Note to self: What I read about startups

DISCLAIMER: This text is plagiarized.


Startups that scale prematurely are classified as inconsistent and startups that scale properly are classified as consistent

Types of startups:

  • The Automator / Type 1: These startups are product centric with a self-service customer acquisition strategy, that focus on quick execution and often automate a manual process. The majority of them target consumers in existing markets.
    • Examples: Google, Dropbox, Eventbrite, Slideshare, Mint, Pandora, Kickstarter, Zynga, Playdom,, Basecamp, Kayak
  • The Social Transformer / Type 1N: These startups have a self-service customer acquisition strategy and often create new ways for people to interact. They are almost always confronted with the challenge of reaching critical mass. If they surpass this threshold they can often have runaway user growth in a winner-take-all market.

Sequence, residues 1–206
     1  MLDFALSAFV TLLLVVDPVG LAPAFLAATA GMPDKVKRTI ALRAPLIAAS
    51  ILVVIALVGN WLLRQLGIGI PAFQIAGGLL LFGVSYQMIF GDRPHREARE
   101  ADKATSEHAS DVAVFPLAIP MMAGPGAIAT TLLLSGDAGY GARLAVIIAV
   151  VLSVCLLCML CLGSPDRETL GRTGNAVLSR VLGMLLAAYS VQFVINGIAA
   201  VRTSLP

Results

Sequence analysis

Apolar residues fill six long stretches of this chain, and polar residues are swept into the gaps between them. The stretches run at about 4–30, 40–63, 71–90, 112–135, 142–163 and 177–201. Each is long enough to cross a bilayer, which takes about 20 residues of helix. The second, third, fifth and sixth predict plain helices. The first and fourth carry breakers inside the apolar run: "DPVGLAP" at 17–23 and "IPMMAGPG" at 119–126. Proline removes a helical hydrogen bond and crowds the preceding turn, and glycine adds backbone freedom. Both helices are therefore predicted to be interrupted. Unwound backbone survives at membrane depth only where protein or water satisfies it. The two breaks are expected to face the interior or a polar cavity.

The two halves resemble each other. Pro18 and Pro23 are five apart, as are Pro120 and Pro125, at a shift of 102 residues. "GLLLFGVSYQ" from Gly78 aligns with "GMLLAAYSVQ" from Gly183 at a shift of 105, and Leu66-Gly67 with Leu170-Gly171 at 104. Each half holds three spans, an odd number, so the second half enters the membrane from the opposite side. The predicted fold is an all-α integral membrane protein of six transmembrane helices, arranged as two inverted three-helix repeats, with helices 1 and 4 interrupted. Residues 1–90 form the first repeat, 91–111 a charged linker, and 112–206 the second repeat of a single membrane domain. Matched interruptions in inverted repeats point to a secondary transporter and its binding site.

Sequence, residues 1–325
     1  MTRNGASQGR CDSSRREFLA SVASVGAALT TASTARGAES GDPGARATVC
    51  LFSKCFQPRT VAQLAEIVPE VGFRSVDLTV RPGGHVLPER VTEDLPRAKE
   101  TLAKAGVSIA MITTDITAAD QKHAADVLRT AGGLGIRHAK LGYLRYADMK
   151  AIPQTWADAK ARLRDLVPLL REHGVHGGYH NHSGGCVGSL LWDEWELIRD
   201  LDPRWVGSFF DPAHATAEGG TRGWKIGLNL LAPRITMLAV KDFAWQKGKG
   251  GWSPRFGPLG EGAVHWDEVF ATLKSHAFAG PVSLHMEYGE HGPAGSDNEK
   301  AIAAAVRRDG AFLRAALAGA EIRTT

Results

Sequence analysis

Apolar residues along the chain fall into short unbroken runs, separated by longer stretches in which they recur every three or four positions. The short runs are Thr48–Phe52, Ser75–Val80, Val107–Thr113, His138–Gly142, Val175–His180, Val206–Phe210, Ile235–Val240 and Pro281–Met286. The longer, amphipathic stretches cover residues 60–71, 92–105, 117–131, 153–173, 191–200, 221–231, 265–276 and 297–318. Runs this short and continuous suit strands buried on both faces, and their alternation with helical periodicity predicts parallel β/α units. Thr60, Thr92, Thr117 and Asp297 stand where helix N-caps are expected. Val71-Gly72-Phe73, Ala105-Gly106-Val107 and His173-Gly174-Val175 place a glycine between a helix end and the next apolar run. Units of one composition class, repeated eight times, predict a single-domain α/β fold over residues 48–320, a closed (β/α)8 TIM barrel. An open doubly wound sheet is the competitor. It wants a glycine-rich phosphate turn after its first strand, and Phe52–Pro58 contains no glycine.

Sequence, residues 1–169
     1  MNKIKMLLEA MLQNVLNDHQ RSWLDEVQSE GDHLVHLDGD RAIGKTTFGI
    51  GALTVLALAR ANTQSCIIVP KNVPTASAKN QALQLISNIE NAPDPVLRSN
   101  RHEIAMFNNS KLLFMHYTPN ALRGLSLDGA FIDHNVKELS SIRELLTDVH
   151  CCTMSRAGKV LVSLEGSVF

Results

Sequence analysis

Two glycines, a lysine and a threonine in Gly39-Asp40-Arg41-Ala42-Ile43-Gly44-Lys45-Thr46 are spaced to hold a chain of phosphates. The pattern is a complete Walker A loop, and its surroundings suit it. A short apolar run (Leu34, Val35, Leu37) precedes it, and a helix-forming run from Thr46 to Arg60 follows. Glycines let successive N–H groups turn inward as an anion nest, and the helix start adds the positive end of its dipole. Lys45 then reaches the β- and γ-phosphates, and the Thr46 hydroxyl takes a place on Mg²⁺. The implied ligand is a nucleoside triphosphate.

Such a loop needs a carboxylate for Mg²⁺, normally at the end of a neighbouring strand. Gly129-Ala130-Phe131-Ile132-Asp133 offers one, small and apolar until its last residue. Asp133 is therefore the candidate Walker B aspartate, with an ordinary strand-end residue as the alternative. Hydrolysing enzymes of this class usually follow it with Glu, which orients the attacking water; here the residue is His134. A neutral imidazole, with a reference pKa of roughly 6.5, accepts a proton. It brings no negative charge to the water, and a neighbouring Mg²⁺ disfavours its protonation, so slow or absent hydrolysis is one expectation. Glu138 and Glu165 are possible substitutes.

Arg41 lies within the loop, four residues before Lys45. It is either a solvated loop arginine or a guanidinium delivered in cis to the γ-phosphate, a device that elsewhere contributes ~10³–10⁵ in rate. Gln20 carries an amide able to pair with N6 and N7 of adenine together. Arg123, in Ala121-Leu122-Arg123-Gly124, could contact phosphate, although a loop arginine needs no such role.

• Examples: eBay, OkCupid, Skype, Airbnb, Craigslist, Etsy, IMVU, Flickr,
      LinkedIn, Yelp, Facebook, Twitter, Foursquare, YouTube, Mechanical Turk,
      PayPal, Quora
  • The Integrator / Type 2: These companies thrive on acquiring customers by generating leads with marketing and closing them with inside sales reps. They are product-centric and rely on early monetization typically through subscriptions in smaller markets. They often take innovations from Automator startups and rebuild it for smaller enterprises.
    • Examples: Intuit, Square, Adobe, PBworks, Uservoice, Mixpanel, Dimdim,
      HubSpot, Marketo, Xignite, Zendesk, GetSatisfaction, Flowtown
  • The Challenger / Type 3: These startups are focused on closing high paying customers in large but fragmented markets. They are highly dependent on a small number of deals being successful and usually operate in complex and rigid markets. To be successful they need to find a repeatable and scalable sales process.
    • Examples: Oracle, Salesforce, MySQL, Red Hat, Jive, Atlassian, Palantir,
      NetSuite, WorkDay, Zuora, Cloudera, SuccessFactor, Yammer